U.S. Senator Mark Begich today introduced The Social Security Fairness Act of 2013 to repeal the Windfall Elimination Provision and Government Pension Offset, which unfairly reduces Social Security benefits for thousands of Alaskan retirees. The bill, co-sponsored by Sens. Susan Collins (R-ME), Dean Heller (R-NV) and Elizabeth Warren (D-MA), will ensure that Social Security remains viable and robust for decades.
"Many Americans have been paying into Social Security for their entire careers and it is our job as their representatives to uphold the federal government's end of the deal," said Begich. "There are responsible ways to cut the budget without hurting our seniors. While I agree that we need to make major cuts to reduce the deficit, let's be clear--Social Security is not the problem."
"Civil servants play a critical role in our local, state, and federal governments. It's only right that they receive the retirement benefits they earned. Social Security should not penalize those who dedicate their lives to public service, which is why I am proud to join Senator Begich to advocate for this legislation," said Senator Dean Heller.
"The two provisions were intended to equalize Social Security's treatment of workers. But we are concerned that they unfairly penalize individuals for holding jobs in public service when the time comes for them to retire," said Senator Collins. "The WEP and GPO have enormous financial implications not just for federal employees, but for our teachers, police officers, firefighters, and other public employees. Despite their challenging, difficult, and sometimes dangerous jobs, these invaluable public servants often receive far lower salaries than private sector employees. It is therefore doubly unfair to penalize them when it comes to their Social Security benefits."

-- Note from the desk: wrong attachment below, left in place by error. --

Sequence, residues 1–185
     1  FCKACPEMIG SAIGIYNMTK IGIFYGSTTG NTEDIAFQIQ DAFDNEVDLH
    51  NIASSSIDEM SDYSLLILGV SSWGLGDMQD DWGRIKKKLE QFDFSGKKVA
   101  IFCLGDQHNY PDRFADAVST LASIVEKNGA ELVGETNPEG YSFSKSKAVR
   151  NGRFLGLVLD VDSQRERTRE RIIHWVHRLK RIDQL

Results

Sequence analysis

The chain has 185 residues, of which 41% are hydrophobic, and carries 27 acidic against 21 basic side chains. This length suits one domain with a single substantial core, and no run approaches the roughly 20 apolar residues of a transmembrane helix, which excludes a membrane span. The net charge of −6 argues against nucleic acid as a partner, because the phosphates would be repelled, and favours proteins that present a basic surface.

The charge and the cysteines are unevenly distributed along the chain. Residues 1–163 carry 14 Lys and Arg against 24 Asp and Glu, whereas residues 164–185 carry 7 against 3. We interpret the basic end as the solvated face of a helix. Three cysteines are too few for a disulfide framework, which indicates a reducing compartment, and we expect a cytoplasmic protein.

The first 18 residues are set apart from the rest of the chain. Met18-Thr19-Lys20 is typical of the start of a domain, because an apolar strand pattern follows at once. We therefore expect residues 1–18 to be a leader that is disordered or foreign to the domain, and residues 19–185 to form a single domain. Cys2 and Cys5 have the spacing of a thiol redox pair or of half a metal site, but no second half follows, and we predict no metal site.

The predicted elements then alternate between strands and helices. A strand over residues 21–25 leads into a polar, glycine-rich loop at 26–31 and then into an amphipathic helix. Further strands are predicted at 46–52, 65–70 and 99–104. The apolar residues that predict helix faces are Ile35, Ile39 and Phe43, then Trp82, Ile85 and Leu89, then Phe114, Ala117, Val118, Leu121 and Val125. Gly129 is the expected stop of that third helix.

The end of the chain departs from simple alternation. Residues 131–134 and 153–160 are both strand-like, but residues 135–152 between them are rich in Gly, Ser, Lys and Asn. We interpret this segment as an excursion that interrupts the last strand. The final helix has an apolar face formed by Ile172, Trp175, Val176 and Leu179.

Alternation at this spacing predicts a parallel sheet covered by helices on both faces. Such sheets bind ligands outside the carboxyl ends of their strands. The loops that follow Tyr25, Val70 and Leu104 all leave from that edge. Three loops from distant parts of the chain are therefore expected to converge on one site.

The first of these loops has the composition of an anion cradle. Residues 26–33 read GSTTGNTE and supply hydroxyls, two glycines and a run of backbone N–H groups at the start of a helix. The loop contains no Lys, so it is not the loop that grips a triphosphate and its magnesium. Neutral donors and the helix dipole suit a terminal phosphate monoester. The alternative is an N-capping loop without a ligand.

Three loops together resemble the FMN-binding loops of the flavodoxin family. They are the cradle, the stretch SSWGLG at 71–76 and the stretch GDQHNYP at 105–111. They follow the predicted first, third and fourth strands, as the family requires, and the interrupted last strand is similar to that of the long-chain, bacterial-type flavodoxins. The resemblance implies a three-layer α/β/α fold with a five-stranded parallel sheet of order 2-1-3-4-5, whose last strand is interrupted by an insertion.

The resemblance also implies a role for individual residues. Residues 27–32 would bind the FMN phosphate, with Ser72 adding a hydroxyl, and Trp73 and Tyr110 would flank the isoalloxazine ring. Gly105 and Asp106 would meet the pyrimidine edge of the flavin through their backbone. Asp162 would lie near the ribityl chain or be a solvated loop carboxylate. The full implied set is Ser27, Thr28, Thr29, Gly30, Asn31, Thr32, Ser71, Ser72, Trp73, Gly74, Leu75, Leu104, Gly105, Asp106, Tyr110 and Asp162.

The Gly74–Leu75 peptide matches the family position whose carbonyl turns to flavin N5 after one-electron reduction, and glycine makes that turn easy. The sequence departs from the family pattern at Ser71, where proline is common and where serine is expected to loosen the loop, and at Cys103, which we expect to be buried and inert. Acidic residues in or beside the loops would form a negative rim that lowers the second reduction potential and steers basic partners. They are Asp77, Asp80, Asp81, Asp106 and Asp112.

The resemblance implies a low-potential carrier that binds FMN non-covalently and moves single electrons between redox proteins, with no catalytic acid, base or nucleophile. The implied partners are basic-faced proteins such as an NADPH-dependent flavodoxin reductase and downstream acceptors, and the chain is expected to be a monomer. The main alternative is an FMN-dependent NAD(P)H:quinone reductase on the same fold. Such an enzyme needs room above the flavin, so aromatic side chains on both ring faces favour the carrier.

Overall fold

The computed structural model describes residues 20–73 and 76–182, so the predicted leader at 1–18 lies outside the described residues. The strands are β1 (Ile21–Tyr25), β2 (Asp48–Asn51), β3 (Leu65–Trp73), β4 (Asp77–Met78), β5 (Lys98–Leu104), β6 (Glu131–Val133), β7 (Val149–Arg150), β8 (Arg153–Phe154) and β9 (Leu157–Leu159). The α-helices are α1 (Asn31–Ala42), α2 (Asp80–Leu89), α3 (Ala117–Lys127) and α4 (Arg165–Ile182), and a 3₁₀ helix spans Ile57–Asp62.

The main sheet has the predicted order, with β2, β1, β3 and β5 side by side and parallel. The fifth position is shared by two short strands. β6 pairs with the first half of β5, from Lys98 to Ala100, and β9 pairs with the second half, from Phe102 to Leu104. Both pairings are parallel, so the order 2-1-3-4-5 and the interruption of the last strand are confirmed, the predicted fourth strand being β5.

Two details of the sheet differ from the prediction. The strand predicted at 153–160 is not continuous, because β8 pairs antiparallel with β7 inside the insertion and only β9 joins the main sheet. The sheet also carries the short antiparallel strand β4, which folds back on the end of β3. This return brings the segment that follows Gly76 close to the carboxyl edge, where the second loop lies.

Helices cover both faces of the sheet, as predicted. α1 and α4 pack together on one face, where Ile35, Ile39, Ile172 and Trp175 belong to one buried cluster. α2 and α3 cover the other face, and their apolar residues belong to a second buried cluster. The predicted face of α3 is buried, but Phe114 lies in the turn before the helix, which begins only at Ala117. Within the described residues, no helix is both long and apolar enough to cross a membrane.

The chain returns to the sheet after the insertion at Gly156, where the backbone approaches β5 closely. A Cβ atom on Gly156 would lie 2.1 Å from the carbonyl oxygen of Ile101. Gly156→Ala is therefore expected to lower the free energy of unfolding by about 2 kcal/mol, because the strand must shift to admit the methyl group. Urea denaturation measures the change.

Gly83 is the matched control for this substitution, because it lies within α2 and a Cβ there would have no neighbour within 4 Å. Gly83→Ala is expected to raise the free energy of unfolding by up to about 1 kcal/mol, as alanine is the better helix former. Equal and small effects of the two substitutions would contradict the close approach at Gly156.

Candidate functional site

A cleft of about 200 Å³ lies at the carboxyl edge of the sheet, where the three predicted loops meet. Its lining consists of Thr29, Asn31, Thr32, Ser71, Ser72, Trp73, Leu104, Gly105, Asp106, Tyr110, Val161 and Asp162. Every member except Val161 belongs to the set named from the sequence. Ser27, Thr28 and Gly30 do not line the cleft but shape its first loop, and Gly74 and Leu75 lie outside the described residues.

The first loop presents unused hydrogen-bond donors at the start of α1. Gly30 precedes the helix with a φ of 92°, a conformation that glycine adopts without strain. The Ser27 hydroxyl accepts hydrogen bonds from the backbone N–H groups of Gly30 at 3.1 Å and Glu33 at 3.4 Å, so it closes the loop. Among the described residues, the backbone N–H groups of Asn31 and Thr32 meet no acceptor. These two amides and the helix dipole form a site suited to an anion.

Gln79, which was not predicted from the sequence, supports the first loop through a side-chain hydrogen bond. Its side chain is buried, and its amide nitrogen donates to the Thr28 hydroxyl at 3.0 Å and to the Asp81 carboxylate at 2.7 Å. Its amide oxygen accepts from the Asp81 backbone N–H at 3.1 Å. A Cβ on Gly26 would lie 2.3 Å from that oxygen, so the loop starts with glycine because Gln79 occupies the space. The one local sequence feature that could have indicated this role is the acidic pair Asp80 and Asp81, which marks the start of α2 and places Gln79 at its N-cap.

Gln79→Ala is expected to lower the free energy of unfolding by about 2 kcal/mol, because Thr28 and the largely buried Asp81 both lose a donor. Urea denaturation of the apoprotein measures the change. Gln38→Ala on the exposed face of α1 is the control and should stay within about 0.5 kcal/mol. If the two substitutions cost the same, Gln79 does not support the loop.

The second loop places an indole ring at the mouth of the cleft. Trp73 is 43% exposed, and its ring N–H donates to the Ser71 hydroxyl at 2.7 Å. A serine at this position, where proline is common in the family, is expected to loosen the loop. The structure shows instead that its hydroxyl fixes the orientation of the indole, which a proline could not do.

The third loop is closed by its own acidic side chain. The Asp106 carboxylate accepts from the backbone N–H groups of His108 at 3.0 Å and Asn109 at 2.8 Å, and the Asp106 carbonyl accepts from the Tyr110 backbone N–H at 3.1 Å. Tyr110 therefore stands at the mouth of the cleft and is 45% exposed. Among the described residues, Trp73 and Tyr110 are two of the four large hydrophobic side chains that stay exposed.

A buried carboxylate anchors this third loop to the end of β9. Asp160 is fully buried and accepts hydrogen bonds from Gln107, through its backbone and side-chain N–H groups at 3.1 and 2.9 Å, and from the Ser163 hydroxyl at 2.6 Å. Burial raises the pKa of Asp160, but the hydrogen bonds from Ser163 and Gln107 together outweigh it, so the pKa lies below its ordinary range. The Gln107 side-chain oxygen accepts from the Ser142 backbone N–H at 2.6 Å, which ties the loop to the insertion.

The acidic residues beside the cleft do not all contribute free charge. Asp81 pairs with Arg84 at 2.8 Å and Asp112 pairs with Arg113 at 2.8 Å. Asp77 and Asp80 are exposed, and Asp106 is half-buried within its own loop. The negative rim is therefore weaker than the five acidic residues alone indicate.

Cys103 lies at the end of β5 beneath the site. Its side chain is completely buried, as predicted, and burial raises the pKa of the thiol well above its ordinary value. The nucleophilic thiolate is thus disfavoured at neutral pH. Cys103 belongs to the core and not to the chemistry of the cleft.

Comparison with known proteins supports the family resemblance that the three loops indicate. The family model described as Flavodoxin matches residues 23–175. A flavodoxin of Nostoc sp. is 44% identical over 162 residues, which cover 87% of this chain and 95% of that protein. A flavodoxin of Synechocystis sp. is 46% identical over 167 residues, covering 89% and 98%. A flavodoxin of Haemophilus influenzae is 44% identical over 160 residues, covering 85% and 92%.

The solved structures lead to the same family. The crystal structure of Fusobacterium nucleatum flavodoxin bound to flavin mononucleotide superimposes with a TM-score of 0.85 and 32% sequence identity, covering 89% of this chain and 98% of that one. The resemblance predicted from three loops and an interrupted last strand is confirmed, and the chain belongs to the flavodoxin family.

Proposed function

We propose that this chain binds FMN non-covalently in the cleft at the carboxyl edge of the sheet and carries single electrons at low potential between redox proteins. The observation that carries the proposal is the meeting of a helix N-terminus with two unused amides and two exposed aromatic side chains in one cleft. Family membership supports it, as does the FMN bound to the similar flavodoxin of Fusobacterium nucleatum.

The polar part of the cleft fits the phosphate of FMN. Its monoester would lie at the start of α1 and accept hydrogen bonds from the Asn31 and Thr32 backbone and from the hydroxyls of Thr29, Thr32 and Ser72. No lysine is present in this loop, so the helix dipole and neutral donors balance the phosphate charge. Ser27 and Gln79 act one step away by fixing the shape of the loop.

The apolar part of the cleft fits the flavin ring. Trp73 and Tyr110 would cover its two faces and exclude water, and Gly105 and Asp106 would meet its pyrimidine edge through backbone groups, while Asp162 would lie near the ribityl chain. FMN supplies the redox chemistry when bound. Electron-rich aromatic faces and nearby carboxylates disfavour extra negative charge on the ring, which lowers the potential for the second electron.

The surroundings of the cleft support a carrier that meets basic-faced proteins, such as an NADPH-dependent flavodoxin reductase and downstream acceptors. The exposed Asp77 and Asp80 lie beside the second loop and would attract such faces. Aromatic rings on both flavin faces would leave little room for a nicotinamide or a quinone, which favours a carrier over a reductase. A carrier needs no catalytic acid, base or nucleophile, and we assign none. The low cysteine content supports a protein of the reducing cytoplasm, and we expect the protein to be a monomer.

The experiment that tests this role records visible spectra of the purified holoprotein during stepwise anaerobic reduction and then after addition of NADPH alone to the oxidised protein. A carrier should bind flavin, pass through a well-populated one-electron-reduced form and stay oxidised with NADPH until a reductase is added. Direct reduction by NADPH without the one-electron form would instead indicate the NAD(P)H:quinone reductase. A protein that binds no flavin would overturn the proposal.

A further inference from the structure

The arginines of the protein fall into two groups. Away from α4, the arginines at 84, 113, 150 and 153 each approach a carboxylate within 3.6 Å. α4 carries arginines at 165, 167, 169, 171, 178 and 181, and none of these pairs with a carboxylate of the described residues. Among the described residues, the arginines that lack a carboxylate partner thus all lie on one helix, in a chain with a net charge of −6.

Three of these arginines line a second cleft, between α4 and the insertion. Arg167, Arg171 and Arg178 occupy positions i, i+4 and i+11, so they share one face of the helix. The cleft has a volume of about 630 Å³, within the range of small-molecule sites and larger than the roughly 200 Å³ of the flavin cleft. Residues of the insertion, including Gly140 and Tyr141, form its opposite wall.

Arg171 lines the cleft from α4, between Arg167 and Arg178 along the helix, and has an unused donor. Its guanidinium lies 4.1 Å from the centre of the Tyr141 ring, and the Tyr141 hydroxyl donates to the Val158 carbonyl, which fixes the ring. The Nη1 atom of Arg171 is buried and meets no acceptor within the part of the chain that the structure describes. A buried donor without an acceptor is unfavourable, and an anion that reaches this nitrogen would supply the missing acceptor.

The bill will repeal provisions that unfairly penalize workers. The Windfall Elimination Provision (WEP)and Government Pension Offset (GPO) formulas currently used to calculate Social Security benefits penalize workers, especially many of Alaska's public employees, who contributed to Social Security in past jobs but retire under other "non-covered" government pensions. WEP and GPO were enacted in the 1980s and are still hurting retirees today. In Alaska, 8,000 people are currently penalized by the WEP and more than 2,500 by the GPO. Nationwide, over 2 million people are being adversely affected.
Begich has made numerous proposals to strengthen Social Security since coming to the Senate including introducing the Protecting and Preserving Social Security Act that would extend the solvency of Social Security for approximately 75 years by requiring higher-income Americans to pay Social Security on their earnings all year long and adjusting the formula for cost-of-living increases to better reflect the needs of our seniors and persons with disabilities. The bill enjoys support from the Alaska chapter of the AARP.
Begich previewed the legislation with key Anchorage organizations last week at a roundtable discussion.